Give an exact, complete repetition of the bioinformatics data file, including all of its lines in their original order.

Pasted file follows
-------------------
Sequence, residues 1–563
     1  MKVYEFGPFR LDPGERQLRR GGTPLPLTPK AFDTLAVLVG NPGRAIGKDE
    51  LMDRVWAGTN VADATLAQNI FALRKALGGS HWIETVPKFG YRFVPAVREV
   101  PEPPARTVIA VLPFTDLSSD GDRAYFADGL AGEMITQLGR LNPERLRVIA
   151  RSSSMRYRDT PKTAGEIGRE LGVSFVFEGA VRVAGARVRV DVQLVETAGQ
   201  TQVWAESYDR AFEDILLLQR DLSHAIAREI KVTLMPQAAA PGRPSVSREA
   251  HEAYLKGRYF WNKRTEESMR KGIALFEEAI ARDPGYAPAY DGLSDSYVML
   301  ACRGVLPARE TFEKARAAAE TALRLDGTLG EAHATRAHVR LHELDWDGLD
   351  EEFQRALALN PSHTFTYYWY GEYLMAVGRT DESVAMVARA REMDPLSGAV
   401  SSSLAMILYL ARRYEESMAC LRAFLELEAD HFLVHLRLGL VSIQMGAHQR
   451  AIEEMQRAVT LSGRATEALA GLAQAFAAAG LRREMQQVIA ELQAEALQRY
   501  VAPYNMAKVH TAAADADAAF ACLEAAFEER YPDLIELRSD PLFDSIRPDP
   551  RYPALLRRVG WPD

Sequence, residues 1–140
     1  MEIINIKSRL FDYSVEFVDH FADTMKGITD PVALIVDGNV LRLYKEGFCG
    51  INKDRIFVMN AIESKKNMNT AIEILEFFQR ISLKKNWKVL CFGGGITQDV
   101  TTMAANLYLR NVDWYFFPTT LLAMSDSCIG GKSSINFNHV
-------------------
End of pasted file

Sequence, residues 1–563
     1  MKVYEFGPFR LDPGERQLRR GGTPLPLTPK AFDTLAVLVG NPGRAIGKDE
    51  LMDRVWAGTN VADATLAQNI FALRKALGGS HWIETVPKFG YRFVPAVREV
   101  PEPPARTVIA VLPFTDLSSD GDRAYFADGL AGEMITQLGR LNPERLRVIA
   151  RSSSMRYRDT PKTAGEIGRE LGVSFVFEGA VRVAGARVRV DVQLVETAGQ
   201  TQVWAESYDR AFEDILLLQR DLSHAIAREI KVTLMPQAAA PGRPSVSREA
   251  HEAYLKGRYF WNKRTEESMR KGIALFEEAI ARDPGYAPAY DGLSDSYVML
   301  ACRGVLPARE TFEKARAAAE TALRLDGTLG EAHATRAHVR LHELDWDGLD
   351  EEFQRALALN PSHTFTYYWY GEYLMAVGRT DESVAMVARA REMDPLSGAV
   401  SSSLAMILYL ARRYEESMAC LRAFLELEAD HFLVHLRLGL VSIQMGAHQR
   451  AIEEMQRAVT LSGRATEALA GLAQAFAAAG LRREMQQVIA ELQAEALQRY
   501  VAPYNMAKVH TAAADADAAF ACLEAAFEER YPDLIELRSD PLFDSIRPDP
   551  RYPALLRRVG WPD

Sequence, residues 1–140
     1  MEIINIKSRL FDYSVEFVDH FADTMKGITD PVALIVDGNV LRLYKEGFCG
    51  INKDRIFVMN AIESKKNMNT AIEILEFFQR ISLKKNWKVL CFGGGITQDV
   101  TTMAANLYLR NVDWYFFPTT LLAMSDSCIG GKSSINFNHV